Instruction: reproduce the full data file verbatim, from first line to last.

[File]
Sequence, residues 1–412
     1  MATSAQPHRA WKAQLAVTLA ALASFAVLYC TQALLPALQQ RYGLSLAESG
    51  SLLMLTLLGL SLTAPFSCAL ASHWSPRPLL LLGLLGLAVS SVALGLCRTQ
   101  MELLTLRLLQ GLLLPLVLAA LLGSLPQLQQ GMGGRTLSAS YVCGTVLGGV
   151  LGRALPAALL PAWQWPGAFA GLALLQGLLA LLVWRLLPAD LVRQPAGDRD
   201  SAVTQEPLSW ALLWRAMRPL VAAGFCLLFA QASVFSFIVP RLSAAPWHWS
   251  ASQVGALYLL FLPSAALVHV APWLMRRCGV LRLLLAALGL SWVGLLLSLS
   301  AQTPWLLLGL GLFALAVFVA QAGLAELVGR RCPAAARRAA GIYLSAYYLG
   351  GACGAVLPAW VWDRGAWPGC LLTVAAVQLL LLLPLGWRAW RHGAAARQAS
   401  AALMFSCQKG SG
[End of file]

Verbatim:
Sequence, residues 1–412
     1  MATSAQPHRA WKAQLAVTLA ALASFAVLYC TQALLPALQQ RYGLSLAESG
    51  SLLMLTLLGL SLTAPFSCAL ASHWSPRPLL LLGLLGLAVS SVALGLCRTQ
   101  MELLTLRLLQ GLLLPLVLAA LLGSLPQLQQ GMGGRTLSAS YVCGTVLGGV
   151  LGRALPAALL PAWQWPGAFA GLALLQGLLA LLVWRLLPAD LVRQPAGDRD
   201  SAVTQEPLSW ALLWRAMRPL VAAGFCLLFA QASVFSFIVP RLSAAPWHWS
   251  ASQVGALYLL FLPSAALVHV APWLMRRCGV LRLLLAALGL SWVGLLLSLS
   301  AQTPWLLLGL GLFALAVFVA QAGLAELVGR RCPAAARRAA GIYLSAYYLG
   351  GACGAVLPAW VWDRGAWPGC LLTVAAVQLL LLLPLGWRAW RHGAAARQAS
   401  AALMFSCQKG SG